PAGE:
|Artery: Trabecular arteries|
|Transverse section of the human spleen, showing the distribution of the splenic artery and its branches.|
|Section of the spleen, showing the termination of the small bloodvessels.|
|Gray's||subject #278 1285|
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When the splenic artery passes into the trabecula of the spleen and branches, they become known as the trabecular arteries. When these arteries then reach the white pulp, and become covered with Periarteriolar lymphoid sheaths, the name changes again to central arteries (or central arterioles). Branches of the central arteries are given to the red pulp, and these are called penicillar arteries).
The lienal artery is remarkable for its large size in proportion to the size of the organ, and also for its tortuous course. It divides into six or more branches, which enter the hilum of the spleen and ramify throughout its substance, receiving sheaths from an involution of the external fibrous tissue.
Similar sheaths also invest the nerves and veins.
Each branch runs in the transverse axis of the organ, from within outward, diminishing in size during its transit, and giving off in its passage smaller branches, some of which pass to the anterior, others to the posterior part.
These ultimately leave the trabecular sheaths, and terminate in the proper substance of the spleen in small tufts or pencils of minute arterioles, which open into the interstices of the reticulum formed by the branched sustentacular cells.
Each of the larger branches of the artery supplies chiefly that region of the organ in which the branch ramifies, having no anastomosis with the majority of the other branches.
The arterioles, supported by the minute trabeculæ, traverse the pulp in all directions in bundles (pencilli) of straight vessels.
Their trabecular sheaths gradually undergo a transformation, become much thickened, and converted into adenoid tissue; the bundles of connective tissue becoming looser and their fibrils more delicate, and containing in their interstices an abundance of lymph corpuscles.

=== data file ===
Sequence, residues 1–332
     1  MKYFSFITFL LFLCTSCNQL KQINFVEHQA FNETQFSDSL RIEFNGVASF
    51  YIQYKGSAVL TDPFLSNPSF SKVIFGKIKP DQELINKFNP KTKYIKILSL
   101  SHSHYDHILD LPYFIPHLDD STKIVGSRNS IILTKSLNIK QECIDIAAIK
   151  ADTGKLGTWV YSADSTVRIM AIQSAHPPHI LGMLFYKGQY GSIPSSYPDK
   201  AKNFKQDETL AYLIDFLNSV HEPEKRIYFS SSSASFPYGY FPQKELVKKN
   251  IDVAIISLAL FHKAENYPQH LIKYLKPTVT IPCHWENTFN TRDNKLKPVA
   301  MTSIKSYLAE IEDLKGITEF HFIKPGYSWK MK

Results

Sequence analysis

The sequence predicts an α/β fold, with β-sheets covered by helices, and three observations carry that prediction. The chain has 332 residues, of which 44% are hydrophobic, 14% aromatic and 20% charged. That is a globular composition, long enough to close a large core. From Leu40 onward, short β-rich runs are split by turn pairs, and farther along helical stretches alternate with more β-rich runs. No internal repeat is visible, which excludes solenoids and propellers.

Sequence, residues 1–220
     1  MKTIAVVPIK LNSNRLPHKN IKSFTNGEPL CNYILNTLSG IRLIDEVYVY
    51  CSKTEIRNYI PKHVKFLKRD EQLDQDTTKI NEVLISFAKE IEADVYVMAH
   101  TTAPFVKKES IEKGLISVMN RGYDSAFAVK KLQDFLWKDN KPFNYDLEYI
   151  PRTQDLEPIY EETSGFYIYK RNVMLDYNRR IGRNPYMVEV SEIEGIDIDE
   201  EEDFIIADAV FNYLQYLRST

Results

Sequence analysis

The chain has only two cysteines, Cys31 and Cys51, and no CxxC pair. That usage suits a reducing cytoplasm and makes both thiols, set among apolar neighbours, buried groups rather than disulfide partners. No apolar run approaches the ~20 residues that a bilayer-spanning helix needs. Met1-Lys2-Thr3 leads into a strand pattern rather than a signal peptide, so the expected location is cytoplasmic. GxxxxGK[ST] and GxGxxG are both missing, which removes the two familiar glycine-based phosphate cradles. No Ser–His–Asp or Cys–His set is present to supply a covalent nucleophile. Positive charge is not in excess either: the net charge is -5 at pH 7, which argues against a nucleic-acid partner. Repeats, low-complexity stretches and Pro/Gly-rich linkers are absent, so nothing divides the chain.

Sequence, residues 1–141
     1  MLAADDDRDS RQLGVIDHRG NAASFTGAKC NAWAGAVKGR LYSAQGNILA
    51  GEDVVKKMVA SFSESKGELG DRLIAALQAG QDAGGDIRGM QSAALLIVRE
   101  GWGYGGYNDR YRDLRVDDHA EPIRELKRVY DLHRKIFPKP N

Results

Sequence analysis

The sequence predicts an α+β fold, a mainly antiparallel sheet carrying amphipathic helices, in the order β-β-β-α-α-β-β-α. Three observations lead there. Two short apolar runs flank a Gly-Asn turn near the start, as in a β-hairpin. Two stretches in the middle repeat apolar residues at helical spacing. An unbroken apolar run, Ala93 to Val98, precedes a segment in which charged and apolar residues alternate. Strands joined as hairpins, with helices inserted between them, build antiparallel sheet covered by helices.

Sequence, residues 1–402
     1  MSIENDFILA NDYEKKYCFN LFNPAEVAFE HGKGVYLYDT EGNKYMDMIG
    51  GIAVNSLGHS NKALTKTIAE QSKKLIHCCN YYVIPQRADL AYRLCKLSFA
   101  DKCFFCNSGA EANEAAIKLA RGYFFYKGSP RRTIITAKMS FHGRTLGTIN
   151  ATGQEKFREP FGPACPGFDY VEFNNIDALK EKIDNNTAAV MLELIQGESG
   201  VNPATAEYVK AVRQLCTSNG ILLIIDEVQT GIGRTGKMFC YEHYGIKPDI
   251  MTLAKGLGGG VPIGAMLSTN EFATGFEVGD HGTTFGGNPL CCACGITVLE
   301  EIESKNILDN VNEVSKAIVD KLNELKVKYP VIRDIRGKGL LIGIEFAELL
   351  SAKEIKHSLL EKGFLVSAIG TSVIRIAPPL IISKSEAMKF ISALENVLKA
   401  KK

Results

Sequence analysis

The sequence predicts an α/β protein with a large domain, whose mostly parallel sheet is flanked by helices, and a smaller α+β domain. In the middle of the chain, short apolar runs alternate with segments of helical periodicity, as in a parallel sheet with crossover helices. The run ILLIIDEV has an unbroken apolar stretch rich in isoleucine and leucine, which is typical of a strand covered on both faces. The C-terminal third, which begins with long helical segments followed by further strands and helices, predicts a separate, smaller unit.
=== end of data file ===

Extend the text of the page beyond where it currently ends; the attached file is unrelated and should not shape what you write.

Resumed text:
The altered coat of the arterioles, consisting of adenoid tissue, presents here and there thickenings of a spheroidal shape, the white pulp.
The arterioles end by opening freely into the splenic pulp; their walls become much attenuated, they lose their tubular character, and the endothelial cells become altered, presenting a branched appearance, and acquiring processes which are directly connected with the processes of the reticular cells of the pulp.
In this manner the vessels end, and the blood flowing through them finds its way into the interstices of the reticulated tissue of the splenic pulp.
Thus the blood passing through the spleen is brought into intimate relation with the elements of the pulp, and no doubt undergoes important changes.
This article was originally based on an entry from a public domain edition of Gray's Anatomy. As such, some of the information contained herein may be outdated. Please edit the article if this is the case, and feel free to remove this notice when it is no longer relevant.